For the pathway to the profession, mentorship and recruitment programs should be initiated at K-12 and higher education levels in association with community colleges. Participation in career fairs, workshops and tie-ups with allied organizations enhances the minority access to the prerequisite knowledge. 

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Employee Resource Groups with members from underrepresented groups (×529.jpg)
Article in Focus: Creating a Culture of Justice, Equity, Diversity, and Inclusion for Your Architectural Practice Sheet4
Design Workshop (
Article in Focus: Creating a Culture of Justice, Equity, Diversity, and Inclusion for Your Architectural Practice Sheet5
Career fairs for minority groups (

For firmwide execution of the J.E.D.I. program, several divisions should be created to look into matters at different levels. At the topmost level is the firmwide J.E.D.I. Program Leader followed by the Diversity Council responsible for implementing the strategic plan that includes members from all underrepresented groups. 

The idea of diversity is to be reinforced by the Executives, Firm Leadership and Diversity Champions and Consultants invited for training while Human Resources, Marketing and Public Relations teams provide the required support. 

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Teams involved in creating a J.E.D.I. organization (

The right tools need to be developed that ensure smooth implementation of the J.E.D.I. principles. This includes redesigning the recruitment and retention programs to reflect the firm’s ideals. The learning and development programs should include conversation around racial bias and cultural competency. Training and outreach programs focused on the idea of ‘bringing your whole self to work’ targeting organizations embracing diversity should be encouraged.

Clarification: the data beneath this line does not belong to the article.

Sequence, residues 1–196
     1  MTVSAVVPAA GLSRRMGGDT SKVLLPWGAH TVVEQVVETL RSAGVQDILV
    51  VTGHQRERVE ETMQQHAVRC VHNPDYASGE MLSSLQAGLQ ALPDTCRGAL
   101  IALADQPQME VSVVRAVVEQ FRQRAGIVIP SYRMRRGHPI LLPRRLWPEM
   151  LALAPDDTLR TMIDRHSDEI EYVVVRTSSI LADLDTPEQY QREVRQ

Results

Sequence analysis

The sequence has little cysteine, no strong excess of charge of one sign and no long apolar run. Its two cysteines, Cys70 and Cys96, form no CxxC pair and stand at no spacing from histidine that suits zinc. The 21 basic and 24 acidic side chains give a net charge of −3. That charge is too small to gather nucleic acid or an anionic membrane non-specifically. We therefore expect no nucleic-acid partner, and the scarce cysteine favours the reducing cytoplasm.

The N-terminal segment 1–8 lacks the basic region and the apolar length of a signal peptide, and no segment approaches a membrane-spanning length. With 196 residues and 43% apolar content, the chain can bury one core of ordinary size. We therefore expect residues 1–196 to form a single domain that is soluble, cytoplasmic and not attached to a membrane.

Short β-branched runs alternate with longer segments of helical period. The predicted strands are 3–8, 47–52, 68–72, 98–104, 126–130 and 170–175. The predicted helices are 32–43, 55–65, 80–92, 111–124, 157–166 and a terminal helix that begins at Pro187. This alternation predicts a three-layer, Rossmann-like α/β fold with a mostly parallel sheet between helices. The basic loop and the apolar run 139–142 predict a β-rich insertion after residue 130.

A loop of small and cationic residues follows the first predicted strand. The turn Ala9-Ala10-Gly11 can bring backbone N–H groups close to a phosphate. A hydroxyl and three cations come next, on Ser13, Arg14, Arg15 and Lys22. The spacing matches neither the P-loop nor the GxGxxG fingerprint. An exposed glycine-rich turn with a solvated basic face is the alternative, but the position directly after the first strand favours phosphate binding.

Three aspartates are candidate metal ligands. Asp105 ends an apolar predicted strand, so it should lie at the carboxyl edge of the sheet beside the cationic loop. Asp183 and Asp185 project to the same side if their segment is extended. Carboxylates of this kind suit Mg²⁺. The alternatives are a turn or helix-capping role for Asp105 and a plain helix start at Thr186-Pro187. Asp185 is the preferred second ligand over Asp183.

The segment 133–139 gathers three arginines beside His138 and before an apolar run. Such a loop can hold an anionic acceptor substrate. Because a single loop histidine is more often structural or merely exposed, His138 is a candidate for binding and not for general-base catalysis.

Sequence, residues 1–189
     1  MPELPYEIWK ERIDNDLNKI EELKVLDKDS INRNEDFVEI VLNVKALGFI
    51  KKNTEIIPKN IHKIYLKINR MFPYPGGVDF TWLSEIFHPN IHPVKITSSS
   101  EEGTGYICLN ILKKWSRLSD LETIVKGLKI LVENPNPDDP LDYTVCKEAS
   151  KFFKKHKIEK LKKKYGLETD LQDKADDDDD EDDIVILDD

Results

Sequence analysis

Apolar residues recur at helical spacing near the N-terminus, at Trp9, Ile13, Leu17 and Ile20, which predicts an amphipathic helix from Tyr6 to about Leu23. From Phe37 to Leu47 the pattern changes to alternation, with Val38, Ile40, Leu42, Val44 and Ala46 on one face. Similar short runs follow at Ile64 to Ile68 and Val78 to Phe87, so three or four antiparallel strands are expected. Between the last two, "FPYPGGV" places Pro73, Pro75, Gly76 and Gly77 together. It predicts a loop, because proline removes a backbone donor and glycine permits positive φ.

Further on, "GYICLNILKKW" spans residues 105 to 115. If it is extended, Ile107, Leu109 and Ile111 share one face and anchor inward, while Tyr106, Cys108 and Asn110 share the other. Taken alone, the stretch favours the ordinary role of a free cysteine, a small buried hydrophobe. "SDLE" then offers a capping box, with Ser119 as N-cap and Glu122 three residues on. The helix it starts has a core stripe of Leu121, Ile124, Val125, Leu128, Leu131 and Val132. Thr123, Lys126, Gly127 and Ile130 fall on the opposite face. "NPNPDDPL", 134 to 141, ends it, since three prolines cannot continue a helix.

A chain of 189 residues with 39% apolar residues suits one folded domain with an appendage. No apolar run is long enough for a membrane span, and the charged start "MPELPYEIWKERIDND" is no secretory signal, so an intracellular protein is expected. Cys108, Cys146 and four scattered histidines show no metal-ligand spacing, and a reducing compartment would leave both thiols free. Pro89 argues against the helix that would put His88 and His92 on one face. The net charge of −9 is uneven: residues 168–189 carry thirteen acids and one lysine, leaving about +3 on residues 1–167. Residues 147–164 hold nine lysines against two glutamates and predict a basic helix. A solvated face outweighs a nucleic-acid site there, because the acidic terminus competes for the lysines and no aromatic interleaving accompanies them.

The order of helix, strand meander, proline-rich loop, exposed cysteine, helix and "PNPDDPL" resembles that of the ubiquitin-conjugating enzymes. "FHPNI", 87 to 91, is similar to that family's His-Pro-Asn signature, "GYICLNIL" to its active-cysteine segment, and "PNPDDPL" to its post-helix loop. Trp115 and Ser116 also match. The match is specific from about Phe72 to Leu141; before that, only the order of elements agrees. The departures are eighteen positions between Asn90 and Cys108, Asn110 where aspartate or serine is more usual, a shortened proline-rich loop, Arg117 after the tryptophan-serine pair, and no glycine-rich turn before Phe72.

To measure the progress, the demographics of the firm have to be analysed before initiating the J.E.D.I. principle program. It is the responsibility of the program leader to ensure the comfort of each employee. As the program progresses, the leader must be prepared to adjust and adapt as per the ongoing situations in society. Periodic discussions with staff remain the top priority as any occurrence, though outside the firm, is bound to affect them.

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Regular meetings with staff to ensure their comfort (,q_auto/v1615775706/christina-wocintechchat-com-faEfWCdOKIg-unsplash-scaled_225055e7ede/christina-wocintechchat-com-faEfWCdOKIg-unsplash-scaled_225055e7ede.jpg)

There isn’t any concluding step in this program because the process itself is incessant. There’s always something, a bit more that can be done. In this case, what is imperative is to take the first few steps. Once the staff accepts and supports the initiative, everything begins falling in place. 

J.E.D.I – Key Values of Architectural Practice

With geographical borders beginning to blur in terms of the global outreach firms enjoy today, the demographics are continuously changing. Additionally, greater self-awareness and acceptance promote a workspace wherein the employees come from a plethora of backgrounds culturally, socially and economically. This calls for measures to be put in place to ensure that firms embrace diversity in the designing process to produce optimal results for a diverse group of clients they serve. 

The aforementioned concept of J.E.D.I. resonates with the gravity of inclusivity in a profession as diverse as architecture and establishes a basic outline to be followed to initiate the process of imbibing Justice, Equity, Diversity and Inclusivity as key values of architectural practice


Saisha is a student of architecture who believes that buildings are an integral part of civilization, affectinghumans in more ways than can be commonly comprehended. Born and brought up in Delhi, she has a keen interest in architectural writing and photography and aspires to promote sustainable development while preserving heritage.